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Association News
Assembly Tackles Patient Care, Professional Issues
Psychiatric News
Volume 45 Number 12 page 10-10

An array of issues that could have a significant impact on patient care and the way that psychiatrists practice dominated last month's meeting of the APA Assembly in New Orleans, as representatives debated issues such as psychiatrists' relationship with industry and their ability to deliver care that is not compromised by third-party influence.

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Jacquelyn Brechtel Clarkson, vice chair of the New Orleans City Council, tells Assembly members that "the most important thing [the city] lost after Katrina was access to mental health care." She said that as the city rebuilds, mental health care will not be an afterthought. 

Credit: David Hathcox

The Assembly passed, for example, an action paper calling on all training programs to discuss with residents and fellows issues concerning their relationship with industry and noted that these discussions "should include the nature of responsible physician-industry relationships in general and their potential advantages and disadvantages in patient care and research." Also to be encouraged in these discussions is the importance of disclosing potential conflicts of interest.

Representatives also passed a proposed APA position paper on industry relationships that stated that APA "affirms that in all relationships between psychiatrists and industry, psychiatrists must endeavor to identify conflicts of interest and manage those conflicts to assure the highest standard of care for patients." As with Assembly action papers addressing policy issues, this proposal must be approved by the Board of Trustees to become official APA policy.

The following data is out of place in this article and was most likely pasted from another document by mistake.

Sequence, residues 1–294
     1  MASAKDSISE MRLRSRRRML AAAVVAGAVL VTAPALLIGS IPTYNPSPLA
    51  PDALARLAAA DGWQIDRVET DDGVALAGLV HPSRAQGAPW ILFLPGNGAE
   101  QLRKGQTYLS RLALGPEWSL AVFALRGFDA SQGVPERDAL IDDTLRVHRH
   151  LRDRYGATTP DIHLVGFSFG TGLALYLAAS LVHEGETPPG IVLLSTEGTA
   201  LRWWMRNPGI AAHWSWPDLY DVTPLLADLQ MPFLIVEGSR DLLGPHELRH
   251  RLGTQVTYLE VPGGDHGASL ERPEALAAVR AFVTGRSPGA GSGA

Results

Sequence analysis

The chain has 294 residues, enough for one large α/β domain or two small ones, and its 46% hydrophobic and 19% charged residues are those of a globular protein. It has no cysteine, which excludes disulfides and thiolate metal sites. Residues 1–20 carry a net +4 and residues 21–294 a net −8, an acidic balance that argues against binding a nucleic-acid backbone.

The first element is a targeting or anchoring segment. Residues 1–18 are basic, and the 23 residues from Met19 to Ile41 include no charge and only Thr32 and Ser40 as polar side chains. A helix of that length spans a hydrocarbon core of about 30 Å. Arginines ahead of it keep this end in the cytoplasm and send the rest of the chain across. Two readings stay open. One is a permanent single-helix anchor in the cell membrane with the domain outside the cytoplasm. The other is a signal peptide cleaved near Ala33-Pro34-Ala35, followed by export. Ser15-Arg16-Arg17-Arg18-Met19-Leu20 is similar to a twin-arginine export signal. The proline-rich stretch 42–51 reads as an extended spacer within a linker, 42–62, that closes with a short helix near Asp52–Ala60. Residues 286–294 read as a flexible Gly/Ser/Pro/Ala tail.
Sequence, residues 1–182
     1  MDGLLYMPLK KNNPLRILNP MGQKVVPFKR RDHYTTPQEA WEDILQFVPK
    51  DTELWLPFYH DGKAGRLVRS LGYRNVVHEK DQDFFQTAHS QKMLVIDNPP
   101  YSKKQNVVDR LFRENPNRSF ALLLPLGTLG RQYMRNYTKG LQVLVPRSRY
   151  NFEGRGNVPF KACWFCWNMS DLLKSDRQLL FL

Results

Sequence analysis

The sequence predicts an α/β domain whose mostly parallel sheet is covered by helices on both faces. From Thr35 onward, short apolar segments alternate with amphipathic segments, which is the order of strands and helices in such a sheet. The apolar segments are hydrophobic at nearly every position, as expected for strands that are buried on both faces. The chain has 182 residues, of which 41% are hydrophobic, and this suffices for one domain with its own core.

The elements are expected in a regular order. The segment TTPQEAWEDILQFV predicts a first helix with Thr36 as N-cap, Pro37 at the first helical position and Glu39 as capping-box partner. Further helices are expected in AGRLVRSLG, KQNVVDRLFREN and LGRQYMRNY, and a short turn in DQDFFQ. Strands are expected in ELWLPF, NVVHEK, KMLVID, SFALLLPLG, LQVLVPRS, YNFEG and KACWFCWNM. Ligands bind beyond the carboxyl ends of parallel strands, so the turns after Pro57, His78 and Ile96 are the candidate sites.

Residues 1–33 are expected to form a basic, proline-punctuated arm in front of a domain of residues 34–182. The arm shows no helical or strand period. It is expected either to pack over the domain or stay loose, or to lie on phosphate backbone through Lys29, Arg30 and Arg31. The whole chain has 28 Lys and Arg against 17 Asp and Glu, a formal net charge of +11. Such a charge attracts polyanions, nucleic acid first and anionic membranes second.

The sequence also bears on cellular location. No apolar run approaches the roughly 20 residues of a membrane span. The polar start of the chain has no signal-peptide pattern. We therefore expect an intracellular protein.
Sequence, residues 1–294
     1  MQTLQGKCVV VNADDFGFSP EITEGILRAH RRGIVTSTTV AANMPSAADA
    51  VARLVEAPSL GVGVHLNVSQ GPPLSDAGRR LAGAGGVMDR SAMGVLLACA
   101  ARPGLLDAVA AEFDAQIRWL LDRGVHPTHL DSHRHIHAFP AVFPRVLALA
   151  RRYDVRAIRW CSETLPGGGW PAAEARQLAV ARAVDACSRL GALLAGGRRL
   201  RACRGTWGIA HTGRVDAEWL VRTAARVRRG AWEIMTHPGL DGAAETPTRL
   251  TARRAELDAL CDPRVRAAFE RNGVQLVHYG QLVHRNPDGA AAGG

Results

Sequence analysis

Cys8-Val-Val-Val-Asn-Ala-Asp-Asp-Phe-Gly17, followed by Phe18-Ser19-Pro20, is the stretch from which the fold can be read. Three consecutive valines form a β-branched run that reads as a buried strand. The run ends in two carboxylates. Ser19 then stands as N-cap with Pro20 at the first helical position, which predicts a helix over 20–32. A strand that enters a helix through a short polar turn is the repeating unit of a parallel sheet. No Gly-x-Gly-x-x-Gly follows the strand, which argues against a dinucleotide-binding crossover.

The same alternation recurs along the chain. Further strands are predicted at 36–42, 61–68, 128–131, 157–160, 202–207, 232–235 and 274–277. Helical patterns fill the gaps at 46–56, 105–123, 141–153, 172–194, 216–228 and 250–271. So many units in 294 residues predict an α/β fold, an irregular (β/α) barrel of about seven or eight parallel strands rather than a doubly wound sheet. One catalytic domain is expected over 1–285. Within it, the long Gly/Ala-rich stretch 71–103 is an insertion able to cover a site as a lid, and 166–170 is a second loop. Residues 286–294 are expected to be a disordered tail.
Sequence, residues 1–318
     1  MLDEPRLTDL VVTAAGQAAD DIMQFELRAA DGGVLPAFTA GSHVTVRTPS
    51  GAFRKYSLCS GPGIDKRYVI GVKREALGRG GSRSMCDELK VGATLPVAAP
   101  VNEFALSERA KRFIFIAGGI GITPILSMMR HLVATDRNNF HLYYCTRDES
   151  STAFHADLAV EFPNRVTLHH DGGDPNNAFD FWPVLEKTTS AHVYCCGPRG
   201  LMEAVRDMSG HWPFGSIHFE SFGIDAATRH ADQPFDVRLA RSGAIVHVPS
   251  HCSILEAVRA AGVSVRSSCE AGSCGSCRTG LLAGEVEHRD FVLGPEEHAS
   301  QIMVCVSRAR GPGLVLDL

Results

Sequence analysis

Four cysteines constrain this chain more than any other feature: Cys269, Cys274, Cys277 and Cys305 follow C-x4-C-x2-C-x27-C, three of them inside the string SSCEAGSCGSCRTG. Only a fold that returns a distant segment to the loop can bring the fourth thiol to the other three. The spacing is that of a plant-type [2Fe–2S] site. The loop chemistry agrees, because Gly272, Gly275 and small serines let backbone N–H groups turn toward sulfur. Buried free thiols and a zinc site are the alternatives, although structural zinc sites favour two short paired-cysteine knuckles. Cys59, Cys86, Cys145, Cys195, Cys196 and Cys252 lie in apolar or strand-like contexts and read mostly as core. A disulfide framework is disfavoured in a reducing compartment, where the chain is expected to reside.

Concerned about the lax federal monitoring of direct-to-consumer (DTC) pharmaceutical ads, the Assembly passed a resolution saying that APA "supports efforts to adequately regulate [DTC] advertising [and] encourages cooperation by pharmaceutical manufacturers for public education and prevention rather than the direct marketing of medications to consumers."

Also regarding prescription drugs, the Assembly called for a ban on what it said is the profit-maximizing policy of some pharmacy benefit management companies to provide "incentives that require the provision of dangerous quantities of medications." The representatives' concern stemmed from the delivering of "large quantities of medications by mail, with multiple refills, sufficient to supply medication for one year...." They want APA to support legislation or regulations that would prohibit these companies from rejecting prescription refills written for less than a 90-day supply "or such other minimum amount that may be clinically inappropriate" and from applying "punitive copayments" to small amounts of prescribed medications.

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Caroll Stewart, widow of psychiatrist Dudley Stewart, M.D., displays the gift the Assembly presented as it honored her husband with the Ronald A. Shellow Award. The award recognizes an Assembly member who makes significant contributions to that body. While the award was for 2009, Stewart wanted to receive it this year in his hometown of New Orleans, but he died before he could accept it. Flanking Stewart are Daniel Winstead, M.D., president of the Louisiana district branch; Assembly Speaker Gary Weinstein, M.D.; and Harold Ginzburg, M.D., the district branch's Assembly representative. Deborah Cross, M.D., won the 2010 Shellow award. 

Credit: David Hathcox

Another proposal that won Assembly backing urged APA to endorse legislation or regulations "that will authorize physicians to cancel or rescind renewals of their previously written prescriptions and that will mandate that pharmacies, including pharmacy benefit plans, implement procedures to permit physicians to cancel or rescind renewals ... and prevent such renewals from being filled or mailed to the patient when directed by the physician...."